Each year in the U.S. nearly 500,000 babies are born prematurely. Premature births are a leading cause of long-term neurologic disabilities in children and cost more than $26 billion per year. Premature infants are cared for in the neonatal intensive care unit (NICU) where more than 33,000 develop a healthcare associated infection (HAI). HAIs are estimated to result in $28-45 billion in healthcare costs annually. In addition to the short-term costs of HAIs, neonatal infections contribute to devastating neurologic disabilities and poor growth outcomes. Staphylococcus aureus (S. aureus) is the second most common pathogen causing HAIs in neonates. Out of 57,000 very low birth weight infants, an estimated 3.7% develop bloodstream or central nervous system S. aureus infections annually with an attributable mortality of 25%. Despite aggressive measures to prevent S. aureus infections in neonates, the burden of S. aureus disease remains high in this population. We propose a new paradigm to prevent S. aureus HAIs in neonates. Parents, rather than healthcare workers, may be a key reservoir from which neonates acquire S. aureus colonization in the NICU. This finding is consistent with a changing NICU environment where skin-to-skin contact between parents and neonates is encouraged and may promote S. aureus transmission, while at the same time, common hospital infection prevention measures have reduced healthcare worker transmission of S. aureus. The long term objective of this proposal is to prevent HAIs in neonates, especially those caused to S. aureus.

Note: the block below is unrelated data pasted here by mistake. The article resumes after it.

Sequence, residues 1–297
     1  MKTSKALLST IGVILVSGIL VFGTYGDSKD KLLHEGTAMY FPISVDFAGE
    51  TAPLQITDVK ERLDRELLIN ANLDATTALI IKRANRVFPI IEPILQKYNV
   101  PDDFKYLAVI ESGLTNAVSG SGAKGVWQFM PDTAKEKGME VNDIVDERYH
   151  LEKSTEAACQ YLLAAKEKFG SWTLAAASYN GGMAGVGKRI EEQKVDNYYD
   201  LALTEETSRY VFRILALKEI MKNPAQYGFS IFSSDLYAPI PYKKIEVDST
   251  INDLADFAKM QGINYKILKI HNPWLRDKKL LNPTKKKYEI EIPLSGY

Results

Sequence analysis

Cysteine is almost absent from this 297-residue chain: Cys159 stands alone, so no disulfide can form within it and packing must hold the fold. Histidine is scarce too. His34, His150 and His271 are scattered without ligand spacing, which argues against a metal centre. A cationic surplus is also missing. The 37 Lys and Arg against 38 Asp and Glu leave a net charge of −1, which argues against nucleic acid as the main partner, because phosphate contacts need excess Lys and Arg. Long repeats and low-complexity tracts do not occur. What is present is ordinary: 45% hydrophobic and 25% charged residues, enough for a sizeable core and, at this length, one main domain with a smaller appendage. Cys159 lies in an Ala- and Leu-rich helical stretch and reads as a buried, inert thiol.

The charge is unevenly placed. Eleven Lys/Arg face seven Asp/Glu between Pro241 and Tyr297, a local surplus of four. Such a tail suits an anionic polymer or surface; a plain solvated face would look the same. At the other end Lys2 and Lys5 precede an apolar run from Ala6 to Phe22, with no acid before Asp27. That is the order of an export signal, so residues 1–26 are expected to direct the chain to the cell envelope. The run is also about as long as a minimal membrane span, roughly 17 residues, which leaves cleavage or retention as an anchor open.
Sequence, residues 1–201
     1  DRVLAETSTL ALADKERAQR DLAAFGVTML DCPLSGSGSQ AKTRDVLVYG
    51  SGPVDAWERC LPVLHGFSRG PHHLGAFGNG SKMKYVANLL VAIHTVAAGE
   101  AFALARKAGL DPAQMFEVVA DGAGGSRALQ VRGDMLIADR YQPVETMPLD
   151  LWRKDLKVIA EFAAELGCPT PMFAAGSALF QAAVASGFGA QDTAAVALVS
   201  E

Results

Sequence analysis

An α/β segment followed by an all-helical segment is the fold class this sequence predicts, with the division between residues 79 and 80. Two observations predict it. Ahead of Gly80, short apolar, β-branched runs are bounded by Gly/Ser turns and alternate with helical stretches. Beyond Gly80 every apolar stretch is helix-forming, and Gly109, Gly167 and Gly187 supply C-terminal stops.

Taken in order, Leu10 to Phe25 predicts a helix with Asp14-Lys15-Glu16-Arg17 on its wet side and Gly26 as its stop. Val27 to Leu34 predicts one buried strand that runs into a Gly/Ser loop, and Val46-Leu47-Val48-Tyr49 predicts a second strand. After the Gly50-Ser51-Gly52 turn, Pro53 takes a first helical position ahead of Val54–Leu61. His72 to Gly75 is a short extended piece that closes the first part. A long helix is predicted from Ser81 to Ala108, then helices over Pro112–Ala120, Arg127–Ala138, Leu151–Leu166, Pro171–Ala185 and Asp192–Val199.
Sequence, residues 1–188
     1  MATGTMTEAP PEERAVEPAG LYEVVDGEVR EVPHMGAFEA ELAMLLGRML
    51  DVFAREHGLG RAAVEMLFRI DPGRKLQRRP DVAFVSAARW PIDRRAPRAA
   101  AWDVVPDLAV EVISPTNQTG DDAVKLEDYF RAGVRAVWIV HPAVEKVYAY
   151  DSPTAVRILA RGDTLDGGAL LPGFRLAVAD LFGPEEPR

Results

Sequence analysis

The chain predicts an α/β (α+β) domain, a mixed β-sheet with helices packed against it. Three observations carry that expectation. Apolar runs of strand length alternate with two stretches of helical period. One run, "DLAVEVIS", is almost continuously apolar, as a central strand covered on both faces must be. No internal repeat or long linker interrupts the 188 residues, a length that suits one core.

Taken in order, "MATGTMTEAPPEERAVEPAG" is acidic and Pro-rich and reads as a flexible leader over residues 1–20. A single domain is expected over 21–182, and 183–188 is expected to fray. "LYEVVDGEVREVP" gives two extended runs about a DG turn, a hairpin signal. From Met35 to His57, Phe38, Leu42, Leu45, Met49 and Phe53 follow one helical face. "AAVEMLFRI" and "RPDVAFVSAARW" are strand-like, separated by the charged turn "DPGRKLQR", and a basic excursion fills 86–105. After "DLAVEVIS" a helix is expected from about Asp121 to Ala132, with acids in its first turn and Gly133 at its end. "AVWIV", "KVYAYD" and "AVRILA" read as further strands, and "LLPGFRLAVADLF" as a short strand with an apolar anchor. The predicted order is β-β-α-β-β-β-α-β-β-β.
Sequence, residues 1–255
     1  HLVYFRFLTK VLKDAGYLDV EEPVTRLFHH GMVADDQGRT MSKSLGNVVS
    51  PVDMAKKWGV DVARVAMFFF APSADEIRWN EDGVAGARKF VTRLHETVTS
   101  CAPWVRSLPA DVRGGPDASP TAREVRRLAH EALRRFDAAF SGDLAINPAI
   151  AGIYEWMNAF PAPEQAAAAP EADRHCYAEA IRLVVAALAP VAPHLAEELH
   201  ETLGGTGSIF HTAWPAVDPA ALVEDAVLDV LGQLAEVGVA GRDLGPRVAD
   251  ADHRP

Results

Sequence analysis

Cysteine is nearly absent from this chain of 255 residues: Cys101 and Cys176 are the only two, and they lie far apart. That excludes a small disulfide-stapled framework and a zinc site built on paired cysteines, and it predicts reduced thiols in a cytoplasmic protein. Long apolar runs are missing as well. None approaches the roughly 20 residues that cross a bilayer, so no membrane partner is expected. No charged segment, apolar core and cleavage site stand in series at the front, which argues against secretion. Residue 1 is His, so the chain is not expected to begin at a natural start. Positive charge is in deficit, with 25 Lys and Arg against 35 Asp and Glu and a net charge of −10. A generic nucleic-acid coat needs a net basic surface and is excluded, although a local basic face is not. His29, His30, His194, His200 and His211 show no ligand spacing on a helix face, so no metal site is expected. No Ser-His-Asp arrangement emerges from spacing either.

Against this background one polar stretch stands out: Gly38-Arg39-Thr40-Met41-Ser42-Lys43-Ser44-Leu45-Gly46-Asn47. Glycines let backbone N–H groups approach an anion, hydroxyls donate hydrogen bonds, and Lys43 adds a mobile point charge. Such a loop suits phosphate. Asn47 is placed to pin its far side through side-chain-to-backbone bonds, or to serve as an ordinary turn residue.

The specific aims are Aim 1) to assess S. aureus colonization and strain concordance amongst parents and neonates in the NICU, Aim 2) to measure the effect of treating parents with short course intranasal mupirocin and topical chlorhexidine antisepsis on acquisition of S. aureus colonization in neonates in a randomized controlled trial. We will assemble a cohort of neonates admitted to the NICU and their parents and follow them longitudinally to measure acquisition of S. aureus colonization in neonates in the NICU and determine the role of parents in postnatal S. aureus transmission. Some neonate-parent pairs will be randomized, and parents will receive treatment or control to eradicate S. aureus colonization. The findings of this proposal could change the paradigm of HAI prevention in the NICU from one that focuses on healthcare workers and the environment to one that recognizes parents and visitor as important sources of exposure to pathogens that contribute to HAIs.
Despite decades of research, S. aureus continues to cause life-threatening infections in critically-ill neonates. Identifying reservoirs from which neonates acquire S. aureus and testing novel intervention to prevent S. aureus transmission are essential to prevent the morbidity and mortality associated with S. aureus infections in this vulnerable population.